Vaping has a similar impact on cardiac health as regular cigarette smoking, a new study supported by the American Health Association has found.
The research showed that shortly after vaping, users had elevated blood pressure and heart rate in a similar way to the body’s response to a ‘fight or flight’ situation that's triggered by the brain’s sympathetic nervous system.
The three-year study at the University of Wisconsin evaluated the physiological response in 395 people, 164 of who vaped for an average of 4.1 years compared with 117 people who smoked for around 23 years and 114 who had not used any nicotine products.
Scientists found the negative impact on cardiovascular function was similar in young vapers as in older smokers who had used traditional cigarettes for two decades longer.
“Immediately after vaping or smoking, there were worrisome changes in blood pressure, heart rate, heart rate variability and blood vessel tone (constriction),” said lead study author Matthew Tattersall, an assistant professor of medicine at the University of Wisconsin School of Medicine and Public Health.
“These findings suggest worse cardiovascular disease risk factors right after vaping or smoking, and activation of the sympathetic nervous system may play a role in the adverse responses seen immediately after using e-cigarettes and after exercise testing 90 minutes later.”
The average age of smokers in the study was 42, whereas vapers were aged 27, on average.
According to the 2022 Middle East Tobacco Atlas, smoking rates in the UAE are around 14 per cent for men and two per cent for women.
In July, a UAE study found a quarter of university students had tried an e-cigarette.
The Wisconsin study assessed blood pressure, heart rate and the diameter of the brachial artery in the arm of each group before and after they smoked or vaped.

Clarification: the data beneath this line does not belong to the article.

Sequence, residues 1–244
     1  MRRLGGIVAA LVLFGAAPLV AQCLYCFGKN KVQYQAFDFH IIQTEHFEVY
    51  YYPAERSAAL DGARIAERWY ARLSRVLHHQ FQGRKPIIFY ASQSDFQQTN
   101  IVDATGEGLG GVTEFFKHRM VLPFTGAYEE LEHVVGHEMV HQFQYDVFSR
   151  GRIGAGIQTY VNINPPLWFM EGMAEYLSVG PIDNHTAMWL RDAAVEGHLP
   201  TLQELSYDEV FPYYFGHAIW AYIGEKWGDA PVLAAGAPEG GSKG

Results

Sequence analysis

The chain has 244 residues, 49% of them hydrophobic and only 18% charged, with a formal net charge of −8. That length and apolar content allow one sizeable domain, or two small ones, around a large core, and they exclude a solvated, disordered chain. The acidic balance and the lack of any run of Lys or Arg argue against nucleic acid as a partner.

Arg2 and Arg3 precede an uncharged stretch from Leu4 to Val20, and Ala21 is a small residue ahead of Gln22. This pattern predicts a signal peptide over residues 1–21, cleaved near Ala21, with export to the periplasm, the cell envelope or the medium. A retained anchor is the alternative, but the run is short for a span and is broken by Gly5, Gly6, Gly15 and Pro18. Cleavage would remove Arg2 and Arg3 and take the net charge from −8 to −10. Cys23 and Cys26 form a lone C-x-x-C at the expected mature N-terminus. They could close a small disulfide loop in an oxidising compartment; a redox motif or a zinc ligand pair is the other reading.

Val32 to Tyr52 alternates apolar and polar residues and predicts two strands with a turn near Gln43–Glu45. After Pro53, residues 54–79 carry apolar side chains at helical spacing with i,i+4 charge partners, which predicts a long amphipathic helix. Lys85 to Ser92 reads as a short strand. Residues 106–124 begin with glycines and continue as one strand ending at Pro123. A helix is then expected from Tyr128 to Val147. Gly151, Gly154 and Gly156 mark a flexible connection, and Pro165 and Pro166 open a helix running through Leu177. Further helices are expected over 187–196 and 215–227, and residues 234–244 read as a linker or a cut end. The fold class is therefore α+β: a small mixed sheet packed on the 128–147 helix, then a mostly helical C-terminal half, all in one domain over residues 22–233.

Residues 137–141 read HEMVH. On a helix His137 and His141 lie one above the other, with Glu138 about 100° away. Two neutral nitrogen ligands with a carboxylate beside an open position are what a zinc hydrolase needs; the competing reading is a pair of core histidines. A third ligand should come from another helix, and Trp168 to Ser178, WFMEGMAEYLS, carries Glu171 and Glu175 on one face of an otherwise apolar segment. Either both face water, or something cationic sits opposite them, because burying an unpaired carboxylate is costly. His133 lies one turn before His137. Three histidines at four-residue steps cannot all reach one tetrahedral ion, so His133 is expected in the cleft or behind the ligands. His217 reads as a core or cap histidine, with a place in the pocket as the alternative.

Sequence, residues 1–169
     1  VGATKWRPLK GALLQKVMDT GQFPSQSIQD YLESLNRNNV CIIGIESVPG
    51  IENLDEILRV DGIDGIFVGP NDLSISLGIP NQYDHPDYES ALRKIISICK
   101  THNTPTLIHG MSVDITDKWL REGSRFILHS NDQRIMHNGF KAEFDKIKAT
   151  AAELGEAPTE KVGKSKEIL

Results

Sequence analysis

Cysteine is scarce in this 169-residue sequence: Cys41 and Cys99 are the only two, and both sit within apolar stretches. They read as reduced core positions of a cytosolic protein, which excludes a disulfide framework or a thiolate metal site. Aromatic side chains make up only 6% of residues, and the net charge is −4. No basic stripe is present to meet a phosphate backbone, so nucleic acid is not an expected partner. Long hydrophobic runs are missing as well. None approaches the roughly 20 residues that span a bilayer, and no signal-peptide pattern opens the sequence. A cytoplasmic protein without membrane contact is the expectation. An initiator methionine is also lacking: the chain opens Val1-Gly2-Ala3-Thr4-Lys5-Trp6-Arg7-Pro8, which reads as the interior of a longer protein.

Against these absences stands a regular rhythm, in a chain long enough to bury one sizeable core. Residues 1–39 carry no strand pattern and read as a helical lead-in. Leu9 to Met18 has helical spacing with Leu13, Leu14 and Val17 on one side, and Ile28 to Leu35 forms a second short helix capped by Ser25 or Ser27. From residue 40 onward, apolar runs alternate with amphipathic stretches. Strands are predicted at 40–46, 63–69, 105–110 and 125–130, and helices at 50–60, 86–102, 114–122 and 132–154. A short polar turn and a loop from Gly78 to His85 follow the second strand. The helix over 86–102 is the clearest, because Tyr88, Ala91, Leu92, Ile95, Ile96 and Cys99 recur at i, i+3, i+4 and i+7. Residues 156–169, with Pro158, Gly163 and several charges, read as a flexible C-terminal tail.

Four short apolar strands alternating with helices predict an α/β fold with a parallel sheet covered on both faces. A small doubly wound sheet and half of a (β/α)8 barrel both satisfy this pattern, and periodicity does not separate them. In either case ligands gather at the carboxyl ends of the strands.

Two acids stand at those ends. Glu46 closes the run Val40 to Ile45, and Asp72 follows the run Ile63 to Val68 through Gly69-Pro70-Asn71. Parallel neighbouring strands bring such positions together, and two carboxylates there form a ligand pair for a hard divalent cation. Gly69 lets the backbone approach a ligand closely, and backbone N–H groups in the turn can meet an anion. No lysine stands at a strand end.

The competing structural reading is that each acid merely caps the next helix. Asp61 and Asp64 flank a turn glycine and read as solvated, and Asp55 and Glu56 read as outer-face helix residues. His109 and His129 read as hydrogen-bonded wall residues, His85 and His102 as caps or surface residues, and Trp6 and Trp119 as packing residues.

People who vaped and those who smoked combustible cigarettes had greater increases in heart rate and blood pressure immediately after using a cigarette or vape.
Those using nicotine also experienced greater constriction of the brachial artery and had worse measures of heart rate variability, indicating the activation of the body’s sympathetic nervous system — the fight-or-flight response that becomes more active when a person is stressed or in danger.
The response increases heart rate and blood pressure, and creates a greater need for oxygen by the heart and dysfunction in artery walls.
Treadmill stress tests were also performed, 90 minutes after participants had either vaped or smoked and 90 minutes after those who reported no nicotine use had rested.
People who vaped and those who smoked cigarettes performed significantly worse on all four exercise parameters tested, compared to the group who reported no nicotine use.
The exercise ability and fitness level of each study subject were measured, while each was tested for 60 seconds post-exercise to understand how quickly they recovered.
Compared with those who did not take any nicotine, smokers and vapers achieved a lower cardiac workload, slower recovery and less exercise ability.
“We did not study the long-term effects of vaping, use of vaping as a smoking cessation aid or the effectiveness or safety of vaping in that context,” said Robert Turrell Professor in Cardiovascular Research at the University of Wisconsin School of Medicine and Public Health in Madison.
“However, these findings are concerning because they indicate vaping may increase cardiovascular risk.
“The message for people who smoke combustible cigarettes is the same as always – try to quit using tobacco and nicotine products and seek support from your physician and community to increase your chances of success.”